Property prices in capital cities in Australia increased by 1.8% in June after a fall of 1.1% in the previous month, the latest index data shows.
But overall, growth is easing with quarterly figures showing that prices were up just 0.8%, the slowest quarterly rate of growth since December 2015, according to the CoreLogic home value index.
‘The stronger month on month reading can be partially explained by the seasonality in the monthly growth rates. Adjusting for this effect suggests an easing trend in housing value growth has persisted through the second quarter of 2017,’ said CoreLogic head of research Tim Lawless.
He explained that the trend towards lower capital gains across the combined capitals index is mostly attributable to softer conditions across the Sydney housing market, where quarter on quarter growth was0.8%, down from 5% in the first quarter of the year.
In contrast, the quarterly trend in Melbourne has been more resilient, with growth easing from 4.2% in the first quarter of 2017 to 1.5% in the second quarter of the year.
In Sydney, according to Lawless, the more pronounced slowdown is supported by weaker auction clearance rates which have been tracking in the high 60% range across the city over the last three weeks of June, while in Melbourne, clearance rates have moderated but remained above 70%.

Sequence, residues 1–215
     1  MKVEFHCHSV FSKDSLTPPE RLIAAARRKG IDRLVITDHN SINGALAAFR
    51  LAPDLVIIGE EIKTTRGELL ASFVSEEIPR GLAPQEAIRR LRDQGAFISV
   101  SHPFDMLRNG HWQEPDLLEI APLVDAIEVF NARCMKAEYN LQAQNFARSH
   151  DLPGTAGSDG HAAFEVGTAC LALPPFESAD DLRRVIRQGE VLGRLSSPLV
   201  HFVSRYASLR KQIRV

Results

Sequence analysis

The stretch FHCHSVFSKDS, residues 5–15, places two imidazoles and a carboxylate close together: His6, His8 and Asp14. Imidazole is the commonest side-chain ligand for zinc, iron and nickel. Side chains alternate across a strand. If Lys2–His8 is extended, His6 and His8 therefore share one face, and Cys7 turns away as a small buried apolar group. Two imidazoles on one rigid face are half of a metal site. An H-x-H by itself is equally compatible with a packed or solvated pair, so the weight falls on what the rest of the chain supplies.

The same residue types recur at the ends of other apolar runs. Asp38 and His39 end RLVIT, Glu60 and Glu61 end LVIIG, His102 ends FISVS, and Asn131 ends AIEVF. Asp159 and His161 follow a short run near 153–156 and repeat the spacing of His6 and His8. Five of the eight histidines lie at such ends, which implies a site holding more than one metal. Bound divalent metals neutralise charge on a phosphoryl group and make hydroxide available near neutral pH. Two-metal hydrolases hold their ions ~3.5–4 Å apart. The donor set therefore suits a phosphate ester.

Slower housing market conditions also reflected in the annual pace of capital gains.
Across the combined capitals, the annual pace of capital gains has eased from 12.9% three months ago to 9.6% at the end of June 2017.
Sydney’s annual growth rate has slowed to 12.2% over the 12 months to the end of June 2017, down from a recent high of 18.9% three months ago. Melbourne’s annual growth rate is now the highest of any capital city, surpassing Sydney’s annual rate of growth despite easing from 15.9% three months ago, to 13.7% over the 12 months.
Outside of Sydney and Melbourne, housing market conditions remain diverse. Brisbane now has the third highest quarterly pace of capital gains with values up 0.5% in the second quarter. Brisbane’s growth is entirely attributable to a 0.8% rise in house values which offset a 2.4% fall in unit values over the quarter.
Prices fell lower across the remaining capital cities, except Perth, which posted virtually flat growth of 0.1% in the second quarter of the year.